This week saw two major positive developments in the pro-life movement.
The first involves the ability of pastors and pro-life leaders to speak out about specific political candidates during elections. In 1954, there was language (called the Johnson Amendment) added to IRS regulations that prevented nonprofit organizations and churches from expressing opinions for or against political candidates during an election campaign. The penalty for violating this regulation was possible loss of nonprofit status. For six decades, this has been viewed as an infringement on religious liberty and free speech, but the regulations have not changed, and nonprofits—including American Life League—have been investigated by the IRS for possible violation of this regulation.
One of Trump's campaign promises was to get rid of the Johnson Amendment. When the new Congress took over in January a bill was introduced in the House to do just that. The bill is H.R. 172 and its sole purpose is to “restore the Free Speech and First Amendment rights of churches and exempt organizations by repealing the 1954 Johnson Amendment.” Although Congress has not yet taken any action on this bill, this week President Trump decided to sign an executive order. Section 2 of the EO says, in part:
All executive departments and agencies shall, to the greatest extent practicable and to the extent permitted by law, respect and protect the freedom of persons and organizations to engage in religious and political speech. In particular, the Secretary of the Treasury shall ensure, to the extent permitted by law, that the Department of the Treasury does not take any adverse action against any individual, house of worship, or other religious organization on the basis that such individual or organization speaks or has spoken about moral or political issues from a religious perspective . . . the term "adverse action" means the imposition of any tax or tax penalty; the delay or denial of tax-exempt status; the disallowance of tax deductions for contributions made to entities exempted from taxation under section 501(c)(3) of title 26, United States Code; or any other action that makes unavailable or denies any tax deduction, exemption, credit, or benefit.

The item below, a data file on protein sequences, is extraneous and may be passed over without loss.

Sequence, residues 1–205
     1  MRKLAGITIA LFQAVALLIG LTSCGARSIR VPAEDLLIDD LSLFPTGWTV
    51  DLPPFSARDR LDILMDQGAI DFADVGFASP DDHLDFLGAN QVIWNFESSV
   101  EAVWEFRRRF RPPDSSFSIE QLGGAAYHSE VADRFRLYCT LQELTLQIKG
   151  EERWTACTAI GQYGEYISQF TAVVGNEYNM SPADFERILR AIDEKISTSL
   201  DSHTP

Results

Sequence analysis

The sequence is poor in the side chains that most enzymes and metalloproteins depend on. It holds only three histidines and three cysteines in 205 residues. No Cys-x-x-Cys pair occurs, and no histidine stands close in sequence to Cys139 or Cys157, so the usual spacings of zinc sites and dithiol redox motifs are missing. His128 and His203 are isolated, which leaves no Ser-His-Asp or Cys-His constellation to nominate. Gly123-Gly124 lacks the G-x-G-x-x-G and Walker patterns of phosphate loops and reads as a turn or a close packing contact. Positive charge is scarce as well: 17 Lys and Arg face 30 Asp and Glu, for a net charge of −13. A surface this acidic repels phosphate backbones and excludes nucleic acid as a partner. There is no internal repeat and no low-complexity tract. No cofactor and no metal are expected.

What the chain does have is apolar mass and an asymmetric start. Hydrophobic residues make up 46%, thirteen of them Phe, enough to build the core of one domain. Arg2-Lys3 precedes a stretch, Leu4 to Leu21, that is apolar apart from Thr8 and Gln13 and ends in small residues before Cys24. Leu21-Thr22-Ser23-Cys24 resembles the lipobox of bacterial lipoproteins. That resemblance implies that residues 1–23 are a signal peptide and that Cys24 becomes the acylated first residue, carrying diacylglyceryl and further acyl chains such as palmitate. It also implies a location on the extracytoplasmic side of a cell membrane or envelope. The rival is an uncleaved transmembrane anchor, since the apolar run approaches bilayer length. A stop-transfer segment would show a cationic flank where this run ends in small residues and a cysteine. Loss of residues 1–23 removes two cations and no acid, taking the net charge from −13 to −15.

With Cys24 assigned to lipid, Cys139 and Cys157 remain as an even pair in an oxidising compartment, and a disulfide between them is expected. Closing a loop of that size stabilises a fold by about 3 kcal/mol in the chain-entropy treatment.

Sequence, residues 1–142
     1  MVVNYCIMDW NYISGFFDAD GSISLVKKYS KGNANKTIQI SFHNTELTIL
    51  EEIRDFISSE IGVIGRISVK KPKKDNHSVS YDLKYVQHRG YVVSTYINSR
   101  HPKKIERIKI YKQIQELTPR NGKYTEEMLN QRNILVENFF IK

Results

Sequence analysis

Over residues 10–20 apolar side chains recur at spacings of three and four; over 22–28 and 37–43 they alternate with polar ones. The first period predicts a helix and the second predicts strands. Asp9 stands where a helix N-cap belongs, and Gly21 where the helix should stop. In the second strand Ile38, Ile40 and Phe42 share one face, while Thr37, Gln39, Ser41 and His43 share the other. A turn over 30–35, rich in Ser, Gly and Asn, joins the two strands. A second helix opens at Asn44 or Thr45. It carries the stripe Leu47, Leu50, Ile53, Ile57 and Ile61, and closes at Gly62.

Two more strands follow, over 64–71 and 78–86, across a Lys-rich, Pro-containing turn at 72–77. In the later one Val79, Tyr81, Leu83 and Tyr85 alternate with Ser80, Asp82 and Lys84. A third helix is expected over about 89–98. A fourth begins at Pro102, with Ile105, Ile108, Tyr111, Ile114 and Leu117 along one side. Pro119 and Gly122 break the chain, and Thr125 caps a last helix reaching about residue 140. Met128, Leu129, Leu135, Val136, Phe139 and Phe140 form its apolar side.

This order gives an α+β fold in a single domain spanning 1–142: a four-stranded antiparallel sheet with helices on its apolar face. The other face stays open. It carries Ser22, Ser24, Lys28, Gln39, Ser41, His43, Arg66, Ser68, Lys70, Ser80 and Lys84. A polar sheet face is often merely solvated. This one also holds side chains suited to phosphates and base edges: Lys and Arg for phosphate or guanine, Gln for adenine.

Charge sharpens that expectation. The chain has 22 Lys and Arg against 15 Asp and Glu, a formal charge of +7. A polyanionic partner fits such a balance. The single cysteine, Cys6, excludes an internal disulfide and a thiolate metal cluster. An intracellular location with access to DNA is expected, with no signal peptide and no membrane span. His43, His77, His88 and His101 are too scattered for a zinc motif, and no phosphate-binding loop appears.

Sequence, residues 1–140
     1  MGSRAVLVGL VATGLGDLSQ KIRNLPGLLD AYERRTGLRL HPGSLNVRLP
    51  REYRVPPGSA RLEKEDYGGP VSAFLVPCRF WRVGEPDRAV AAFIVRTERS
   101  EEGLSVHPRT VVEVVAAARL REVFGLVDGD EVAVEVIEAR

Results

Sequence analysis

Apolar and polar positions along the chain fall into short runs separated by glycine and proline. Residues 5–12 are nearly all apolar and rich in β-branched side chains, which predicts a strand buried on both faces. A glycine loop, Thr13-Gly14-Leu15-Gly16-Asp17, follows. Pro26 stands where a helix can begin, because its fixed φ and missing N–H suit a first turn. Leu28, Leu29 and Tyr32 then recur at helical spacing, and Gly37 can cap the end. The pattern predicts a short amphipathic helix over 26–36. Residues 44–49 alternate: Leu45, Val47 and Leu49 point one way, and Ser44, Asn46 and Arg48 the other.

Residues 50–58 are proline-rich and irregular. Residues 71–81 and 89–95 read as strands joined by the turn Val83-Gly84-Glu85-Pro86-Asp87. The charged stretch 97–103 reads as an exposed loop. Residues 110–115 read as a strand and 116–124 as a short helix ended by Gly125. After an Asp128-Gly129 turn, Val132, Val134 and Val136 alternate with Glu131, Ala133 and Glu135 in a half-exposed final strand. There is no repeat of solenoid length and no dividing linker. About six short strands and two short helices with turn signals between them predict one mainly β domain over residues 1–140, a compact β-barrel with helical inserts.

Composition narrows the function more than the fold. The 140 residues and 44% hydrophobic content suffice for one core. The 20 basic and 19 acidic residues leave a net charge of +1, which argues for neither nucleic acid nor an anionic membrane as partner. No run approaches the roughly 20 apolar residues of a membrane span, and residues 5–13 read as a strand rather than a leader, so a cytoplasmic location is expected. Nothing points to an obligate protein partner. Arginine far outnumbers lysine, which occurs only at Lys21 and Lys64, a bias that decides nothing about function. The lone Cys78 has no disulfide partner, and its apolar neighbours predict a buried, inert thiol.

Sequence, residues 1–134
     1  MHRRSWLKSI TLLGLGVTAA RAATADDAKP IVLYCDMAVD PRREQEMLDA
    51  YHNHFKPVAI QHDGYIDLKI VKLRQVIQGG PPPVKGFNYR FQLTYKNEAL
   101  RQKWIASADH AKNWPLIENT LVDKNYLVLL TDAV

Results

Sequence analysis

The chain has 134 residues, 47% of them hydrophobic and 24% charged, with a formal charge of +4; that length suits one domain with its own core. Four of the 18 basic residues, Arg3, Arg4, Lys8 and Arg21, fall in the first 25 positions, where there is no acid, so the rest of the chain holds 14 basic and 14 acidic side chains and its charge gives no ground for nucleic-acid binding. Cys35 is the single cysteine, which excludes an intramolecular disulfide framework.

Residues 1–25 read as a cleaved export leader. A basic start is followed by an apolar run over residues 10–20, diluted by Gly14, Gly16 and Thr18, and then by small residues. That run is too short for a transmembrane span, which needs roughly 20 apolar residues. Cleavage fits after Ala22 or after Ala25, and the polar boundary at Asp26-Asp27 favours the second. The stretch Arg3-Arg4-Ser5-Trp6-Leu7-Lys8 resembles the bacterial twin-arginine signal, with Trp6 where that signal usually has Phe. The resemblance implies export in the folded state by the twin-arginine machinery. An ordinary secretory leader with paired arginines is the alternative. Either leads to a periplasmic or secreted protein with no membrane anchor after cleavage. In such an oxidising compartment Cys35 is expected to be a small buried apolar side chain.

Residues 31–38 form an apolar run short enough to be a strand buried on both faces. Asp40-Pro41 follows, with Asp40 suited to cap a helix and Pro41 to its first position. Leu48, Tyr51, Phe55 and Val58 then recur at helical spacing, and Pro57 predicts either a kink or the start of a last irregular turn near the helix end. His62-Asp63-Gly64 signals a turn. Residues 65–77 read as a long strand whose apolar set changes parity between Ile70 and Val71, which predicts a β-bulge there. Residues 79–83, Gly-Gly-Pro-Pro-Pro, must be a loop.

In another significant action this week, the House passed H.R. 1628, which, in addition to repealing and replacing parts of Obamacare, takes all Medicaid funds away from Planned Parenthood for the next year. PP receives almost $400 million a year in Medicaid reimbursements. This bill passed at the urging of the president and now goes to the Senate. If the Senate also passes the bill, it will go to Trump, who has stated he will sign it. So, as of today, we are just one step away from taking from Planned Parenthood over 70 percent of its taxpayer funding. Praise God!
We will keep you posted as this bill moves through the Senate.